Moshav fears repercussion of 8-hour power outage
Once every few months, IEC has been cutting electricity it supplies to Yesud Hama’ala to fix electrical system problems.
Garden of Gethsemane Photo: MELANIE LIDMAN
Residents of Yesud Hama’ala, a moshav north of Lake Kinneret (the Sea of
Galilee), fear the repercussions of an eight-hour, community-wide cessation of
power scheduled to occur on Monday during peak hours of summer heat.
every few months, Israel Electric Corporation has been cutting the electricity
it supplies to the moshav for about six to eight hours, to fix electrical system
problems there, a statement from the community said. The most recent
scheduled power outage lasted six hours on May 29.
Among the 3,000
residents of the moshav are many elderly people on oxygen tanks and dialysis
machines that require electricity, as well as many children who will suffer from
extreme heat, according to the community. The forecast for Monday is
36-degrees Celsius, and staying inside confined buildings without air
conditioning will be problematic, the statement said.
face difficulties tolerating such heat, the Education Ministry did not agree to
close down summer camps for the day, and children will attend camps despite the
lack of power supply, the moshav said. Due to the electricity outages, however,
the children will not be able to swim in the community’s pools, and camp
counselors therefore requested water sprinklers from the local authority to keep
the children mildly cool, according to the community.
owners have been forced to close during the power outage days, giving employees
time off and receiving no compensation for the resultant damages, the statement
said. The packing and cooling factories will in particular suffer damage on
Monday, as it is the height of the summer fruit-picking season and business
owners cannot afford the high cost of bringing in generators to operate their
Despite many attempts to convince IEC to provide the moshav with
generators – or any other type of technical assistance – to prevent the
cessation of power for so many hours in a time period that is known to be hot,
the company only agreed to provide generators to two community centers, the
moshav said. This still does not provide a solution for elderly, immobile
residents who have no one to care for them and cannot make it to the two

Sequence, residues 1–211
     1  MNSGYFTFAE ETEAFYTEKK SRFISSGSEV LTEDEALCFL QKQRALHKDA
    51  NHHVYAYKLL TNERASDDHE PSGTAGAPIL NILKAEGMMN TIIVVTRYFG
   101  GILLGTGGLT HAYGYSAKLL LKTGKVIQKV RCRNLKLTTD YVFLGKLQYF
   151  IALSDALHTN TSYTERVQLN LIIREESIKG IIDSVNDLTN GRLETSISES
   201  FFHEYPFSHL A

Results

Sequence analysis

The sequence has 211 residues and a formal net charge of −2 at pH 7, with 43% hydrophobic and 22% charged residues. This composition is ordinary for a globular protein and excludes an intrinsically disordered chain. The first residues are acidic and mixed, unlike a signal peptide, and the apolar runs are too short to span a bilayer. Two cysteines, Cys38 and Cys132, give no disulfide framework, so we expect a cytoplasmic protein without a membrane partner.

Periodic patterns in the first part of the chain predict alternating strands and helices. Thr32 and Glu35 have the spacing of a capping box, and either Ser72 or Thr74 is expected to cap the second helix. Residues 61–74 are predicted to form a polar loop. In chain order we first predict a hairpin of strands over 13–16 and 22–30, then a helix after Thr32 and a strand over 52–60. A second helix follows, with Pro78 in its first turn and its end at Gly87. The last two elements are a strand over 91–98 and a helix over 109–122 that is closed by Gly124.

centers, community members argued.
Some residents are calling for the
privatization of IEC, while other have sent an official complaint to the State
Comptroller’s Office. Still others claimed that IEC’s actions constitute
“blatant discrimination [against] residents of the periphery, without a desire
or willingness of the IEC, a government company, to find a fitting and
appropriate answer for the residents for the duration of 8 hours – in the peak
of heat, summer vacation of children and for the health of the elderly in the
moshav.” During system upgrades in the country’s center, never have power
supplies been cut for such an extended period of time, the residents
In response, IEC said it intends to make large-scale system
upgrades to the region’s electrical system on Monday. Such work, the
company said, serves to enhance and ensure the reliability of the power supply
to customers. The purpose of Monday’s work is to upgrade the system in
both Yesud and the surrounding region, according to IEC.
“In order to not
disrupt the lives of residents over many days, the company coordinated a
reinforced work crew to perform the work in one day,” a company statement
IEC stressed that the residents have known about the upcoming
blackout for five weeks, extensive notices have been published throughout the
region and in the last two weeks, updates have occurred over loudspeakers and
direct notices throughout the community. In addition, the company has
worked in coordination with the local council to find alternatives solutions for
the day, including the allocation of two generators by the council to the
hospital and a kindergarten, as well as another generator donated by a local
shopping center, the statement said.
Residents who require life support,
dialysis and other medical treatments must rely on alternative power supplies
like generators and batteries, which they would also have to do in the case of
even a one-hour, unexpected power outage, according to the company.
apologizes for the inconvenience and will do everything possible to finish the
job as soon as possible and return the power supply to its customers,” the